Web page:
This is my Dad. This is all him. Very unassuming, gentle, outdoorsy, coffee and sweet loving dad.
When I was very small, my fondest and most clear memories of my Dad was us going to Coast to Coast on Saturday mornings. Just looking through all of the fun stuff trying to figure out what our next big project would be. We went every Saturday, at least that what I remember. We were very close, but I was, deep down, a momma's girl.
When I was 9 my parents separated. My mom sent us to a friend house and packed our things and left in the middle of the day. I didn't get to say goodbye, but I was 9 and for some reason wasn't that effected with her decision. I didn't get to see my Dad for several months while they made their arrangements. I remember the next time I saw him. We moved from our home with him to Chicago for under a year, then to Texas. We lived in an apartment complex, and I don't remember how my mom let us know he was coming but she did and I saw him as he rounded the corner under harsh night time lights. I realized then how much I missed him, but the time away had taken it's toll. We didn't really know each other anymore. He got a job in the area and bought a house, took us on the weekends and did his best to be the ideal "see you on the weekend dad." But it was never the same as out Coast to Coast days.
We got a little older, I am in my teens now and Dad is Sooo uncool, and dare I say embarrassing. So our distance grew wider, in retrospect I realize he was trying very hard. He offered all kinds of things including an outing to see Haleys Comet. "Once every 86 years, this is your only shot." No thank you thought, I'm sure I had some extremely important teenagery things to do.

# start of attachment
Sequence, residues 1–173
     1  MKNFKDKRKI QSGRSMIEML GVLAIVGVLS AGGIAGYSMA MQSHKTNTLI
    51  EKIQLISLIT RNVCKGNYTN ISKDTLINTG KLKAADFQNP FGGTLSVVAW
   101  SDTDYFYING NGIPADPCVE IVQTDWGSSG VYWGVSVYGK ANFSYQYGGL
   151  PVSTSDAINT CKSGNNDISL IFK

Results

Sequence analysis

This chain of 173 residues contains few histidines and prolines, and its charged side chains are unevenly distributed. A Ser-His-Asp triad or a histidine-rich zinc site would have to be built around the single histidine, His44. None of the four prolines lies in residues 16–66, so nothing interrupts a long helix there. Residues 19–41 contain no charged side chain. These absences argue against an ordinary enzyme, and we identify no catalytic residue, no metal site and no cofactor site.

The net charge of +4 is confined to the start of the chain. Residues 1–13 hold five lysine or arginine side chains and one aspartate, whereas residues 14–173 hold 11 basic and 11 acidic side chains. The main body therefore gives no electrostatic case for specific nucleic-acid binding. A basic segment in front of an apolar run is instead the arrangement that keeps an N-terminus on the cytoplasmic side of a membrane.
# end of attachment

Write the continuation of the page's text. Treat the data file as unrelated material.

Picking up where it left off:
I wish I had gone, I wish I had done a lot of things.
One of the things my Dad has done for as long as I can remember is he will set up all of his music gear the night before my birthday and call and sing "You says it's your birthday!" I can't remember when it started but I remember being turned off by it when I was a teenager. I think as a teenager your turned off by everything. When I moved to New York I moved all over the place and he was always able to keep track of me, for my birthday call. I was only 22 and my teenager still hadn't completely warn off by then. Then one year I remembered the day before it was coming and wondered, "would he call?" Why, yes is the answer, on my cell VM, my work VM and over my home answering machine. After that I made sure to have the phone near by when I went to sleep, is he was going to drag out of bed at 6am to give me my birthday song, then I was going to wake up for it. I still sleep with the phone near by the day before my birthday.
This year marked our second annual Grizzel, Howard, Parks, Howe weekend in Tin Top, where all of these shots were taken. Even as late as last year I was still in my "Dad's a dork phase." This year I suggested a game of badminton and while we were playing, I found myself grooving to a non-existent song. Then I looked across the net to find my Dad dancing to the same song. It was in that moment I realized just how much we're alike. Later that day my sister's family, the Parks were close enough to meet them up the road and we went for a walk up the country road to meet them and it was one of our favorite parts of the whole trip. The Howes and my Dad walking and pulling B in the wagon, we had a great chat and fun horse petting adventures. It was simple, and so memorable.
He's found his gentle nurturing side, he never got it much at home as a kid, so it took him some time to develop that skill. He's got it now, and in full force. He's a great father and grand-father, or Papi as he likes to be called. I thank Martha and Dad for this short trip in the summer , a chance for all of us to get to know each other without the burdens of computers and cell phones. I got my Dad back.
Austin Family Photographer